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Steve Patterson’s Favorite Urban Books

March 25, 2005 Books 1 Comment

The following are some of my favorite books on urban issues. They are presented alphabetically by Author.

– Steve

Green Urbanism: Learning from European Cities
Author: Timothy Beatley

Great ideas that we need to take into consideration

How Buildings Learn: What Happens After They’re Built
Author: Stewart Brand

A great look at how buildings change over the years

Cash, Tokens, and Transfers: A History of Urban Mass Transit in North America
Author: Brian J. Cudahy

A must read book on mass transit

Suburban Nation: The Rise of Sprawl and the Decline of the American Dream
Authors: Andres Duany, Elizabeth Plater-Zyberk, and Jeff Speck

A great look at sprawl and what can be done about it

The Rise of the Creative Class and how it’s transforming work, leisure, community and everyday life
Author: Richard Florida.

Controversial book looks at changes in classes and how new social classes are changing cities

The Living City: How Urban Residents are Revitalizing America’s Neighborhoods and Downtown Shopping Districts by Thinking Small in a Big Way
Author: Roberta Brandes Gratz

Inspiring book about the importance of the little guy and doing a building at a time

The Death and Life of Great American Cities
Author: Jane Jacobs

A classic. If only planners had paid attention to her 40 years ago

The Geography of Nowhere: The Rise and Decline of America’s Man-Made Landscape
Author: James Howard Kunstler

Kunstler’s first work on cities. A must read.

City Comforts
Author: David Sucher

Packed with those little “comforts” that make a city great.

City: Rediscovering the Center
Author: William H. Whyte

Whyte’s research into uses of public spaces is legendary.


St. Louis Center – Save the Skybridge

February 3, 2005 Books 1 Comment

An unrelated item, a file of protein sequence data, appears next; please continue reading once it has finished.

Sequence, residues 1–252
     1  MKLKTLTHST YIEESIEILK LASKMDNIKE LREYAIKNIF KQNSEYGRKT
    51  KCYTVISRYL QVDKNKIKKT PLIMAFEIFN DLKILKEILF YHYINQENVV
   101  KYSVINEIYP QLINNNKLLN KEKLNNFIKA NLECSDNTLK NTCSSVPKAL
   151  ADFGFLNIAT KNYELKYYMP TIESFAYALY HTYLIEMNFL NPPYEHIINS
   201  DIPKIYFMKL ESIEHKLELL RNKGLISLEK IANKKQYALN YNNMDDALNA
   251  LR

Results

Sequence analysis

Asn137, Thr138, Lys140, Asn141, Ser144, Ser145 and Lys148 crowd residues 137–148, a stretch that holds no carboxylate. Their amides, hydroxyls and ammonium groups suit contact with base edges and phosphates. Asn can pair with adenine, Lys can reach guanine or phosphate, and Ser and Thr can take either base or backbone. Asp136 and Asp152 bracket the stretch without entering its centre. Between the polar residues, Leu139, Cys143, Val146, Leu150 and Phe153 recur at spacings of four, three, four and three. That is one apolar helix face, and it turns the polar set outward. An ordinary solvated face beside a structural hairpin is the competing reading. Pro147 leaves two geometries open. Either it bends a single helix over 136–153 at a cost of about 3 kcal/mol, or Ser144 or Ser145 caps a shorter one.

Never before have I reprinted an entire email received from someone. But, in the case below I hope you get a big smile reading it just as I did:
– Steve

ST. LOUIS – As reported in Martin Van Der Werf’s
column in the Post-Dispatch today, efforts are afoot
to remove the pedestrian “skybridge” from the St.
Louis Centre complex, thereby forever altering the
scenic streetscape along this burgeoning section of
Washington Avenue. In response, a group of concerned
citizens is planning a multi-pronged approach to keep
the historic skybridge intact.

“Changing the dramatic exterior of the St. Louis
Center skybridge would be a mistake,” says Franklin
Jennings, a spokesperson for the ad-hoc “Save the
Skybridge” effort. “Once torn asunder, the views in
this area of eastern Downtown would never be the same.
We consider the skybridge to be part-and-parcel of the
robust nature and dramatic vista of this working
neighborhood. It has been a part of Downtown for
roughly two decades. Our contention is that it should
be serviceable for at least two generations.”
… Continue Reading


Insider’s Guide to St. Louis – NOT!

January 13, 2005 Books 5 Comments

Regular readers of Urban Review St. Louis know that I am working with a couple considering moving to St. Louis from Staten Island NY. As part of our discussions on neighborhoods we’ve focused on areas just North of Delmar (Cabanne) due to proximity to MetroLink, the Loop and the CWE. The architecture is also stunning. Many streets are lined with well maintained homes from loving homeowners who just happen to be mostly black.

As part of their research into St. Louis they picked up the “Insider’s Guide to St. Louis” written by local writer Dawne Massey. Unfortunately, Massey’s insider information is the same old message that continues to damage North St. Louis. We are really killing ourselves when we continue to write off such a large geographic area. I’ve got a few examples.